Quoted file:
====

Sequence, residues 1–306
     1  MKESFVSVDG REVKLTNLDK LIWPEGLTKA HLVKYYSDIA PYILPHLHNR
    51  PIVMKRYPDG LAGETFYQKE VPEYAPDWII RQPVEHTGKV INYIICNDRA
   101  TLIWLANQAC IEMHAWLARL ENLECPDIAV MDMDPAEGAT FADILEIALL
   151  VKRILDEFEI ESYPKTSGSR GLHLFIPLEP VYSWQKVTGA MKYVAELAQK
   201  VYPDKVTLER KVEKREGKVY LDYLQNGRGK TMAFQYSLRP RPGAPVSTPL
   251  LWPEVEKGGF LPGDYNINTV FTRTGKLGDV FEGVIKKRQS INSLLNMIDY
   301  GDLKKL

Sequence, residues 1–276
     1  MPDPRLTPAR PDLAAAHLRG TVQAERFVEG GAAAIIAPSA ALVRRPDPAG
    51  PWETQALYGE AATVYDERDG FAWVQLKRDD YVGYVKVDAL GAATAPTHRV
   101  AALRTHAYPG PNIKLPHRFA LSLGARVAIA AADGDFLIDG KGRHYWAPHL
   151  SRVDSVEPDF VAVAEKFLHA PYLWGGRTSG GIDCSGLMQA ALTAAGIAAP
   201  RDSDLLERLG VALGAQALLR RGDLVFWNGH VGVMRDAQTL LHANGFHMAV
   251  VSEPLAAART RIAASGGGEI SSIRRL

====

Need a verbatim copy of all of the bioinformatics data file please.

Sequence, residues 1–306
     1  MKESFVSVDG REVKLTNLDK LIWPEGLTKA HLVKYYSDIA PYILPHLHNR
    51  PIVMKRYPDG LAGETFYQKE VPEYAPDWII RQPVEHTGKV INYIICNDRA
   101  TLIWLANQAC IEMHAWLARL ENLECPDIAV MDMDPAEGAT FADILEIALL
   151  VKRILDEFEI ESYPKTSGSR GLHLFIPLEP VYSWQKVTGA MKYVAELAQK
   201  VYPDKVTLER KVEKREGKVY LDYLQNGRGK TMAFQYSLRP RPGAPVSTPL
   251  LWPEVEKGGF LPGDYNINTV FTRTGKLGDV FEGVIKKRQS INSLLNMIDY
   301  GDLKKL

Sequence, residues 1–276
     1  MPDPRLTPAR PDLAAAHLRG TVQAERFVEG GAAAIIAPSA ALVRRPDPAG
    51  PWETQALYGE AATVYDERDG FAWVQLKRDD YVGYVKVDAL GAATAPTHRV
   101  AALRTHAYPG PNIKLPHRFA LSLGARVAIA AADGDFLIDG KGRHYWAPHL
   151  SRVDSVEPDF VAVAEKFLHA PYLWGGRTSG GIDCSGLMQA ALTAAGIAAP
   201  RDSDLLERLG VALGAQALLR RGDLVFWNGH VGVMRDAQTL LHANGFHMAV
   251  VSEPLAAART RIAASGGGEI SSIRRL